US FL: Miami Beach Officially Bans Public Smoking Of Marijuana And
For the past three and a half months, marijuana has essentially been decriminalized in Miami. After Florida legalized hemp July 1, the Miami-Dade State Attorney's Office announced it would no longer prosecute most minor marijuana charges because the substance is virtually indistinguishable from hemp.
US CA: After Governor Bans Pot Use In Limos, And For Hospital
SACRAMENTO - Gov. Gavin Newsom led the campaign to legalize marijuana in California three years ago but has since angered some in the industry by refusing to allow pot in hospitals and outlawing its use on tour buses and in limousines.

Opinions

US: OPED: Why The U.K. Isn't Having Problems With Vaping
The Volstead Act prohibiting intoxicating beverages became law on October 28, 1919-a century ago this week-and came into force a few months later. Most people now agree that Prohibition was a failure, driving the alcohol industry underground, where its products became unsafe, its profits lucrative and tax-free, and its methods violent. Most countries have since taken the view that it is better to legalize, regulate and tax drink than to ban it.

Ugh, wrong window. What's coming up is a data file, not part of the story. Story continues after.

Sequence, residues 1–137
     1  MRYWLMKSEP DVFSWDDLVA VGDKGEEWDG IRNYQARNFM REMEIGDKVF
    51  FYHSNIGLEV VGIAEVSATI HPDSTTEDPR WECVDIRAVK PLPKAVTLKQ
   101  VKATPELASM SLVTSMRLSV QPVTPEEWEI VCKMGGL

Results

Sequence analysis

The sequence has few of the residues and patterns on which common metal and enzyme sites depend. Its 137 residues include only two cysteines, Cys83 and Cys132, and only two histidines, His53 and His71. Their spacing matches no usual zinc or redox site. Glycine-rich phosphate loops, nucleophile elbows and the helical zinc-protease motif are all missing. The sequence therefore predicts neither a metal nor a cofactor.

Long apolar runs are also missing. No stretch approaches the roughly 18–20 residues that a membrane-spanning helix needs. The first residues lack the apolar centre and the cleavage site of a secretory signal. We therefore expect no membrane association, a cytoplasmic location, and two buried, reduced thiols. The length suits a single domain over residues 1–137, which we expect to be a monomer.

US: OPED: Pot Legalization Makes Vaping Deadly
Doctors have linked a tragic wave of lung injuries and deaths to the vaping of tainted marijuana concentrates. The episode reveals the dangers created by the federal government's decadelong refusal to challenge state laws legalizing pot and promoting risky uses of its derivatives.
US: OPED: Do We Really Want A Microsoft Of Marijuana?
The legalization of marijuana as a medicine in 33 states, 11 of which allow its use as a recreational drug, has made weed a dynamic American industry, among the economy's fastest-growing sources of new jobs. California alone, with $3.1 billion in projected marijuana sales for this year, has a legal market as large as that of any country on the planet.
US: Column: Ending The War On Drugs
SEATTLE - On gritty streets where heroin, fentanyl and meth stride like Death Eaters, where for decades both drugs and the war on drugs have wrecked lives, the city of Seattle is pioneering a bold approach to narcotics that should be a model for America.

Letters

US: Legal, Regulated Pot Is The Answer To Vaping Deaths
I'm sorry to say that Dr. Scott Gottlieb has it completely backward ("Pot Legalization Makes Vaping Deadly," op-ed, Oct. 11). The correct way to fix the problem of poisonous THC vaping is to legalize and regulate it.
US: Candidates Need To Address Drug War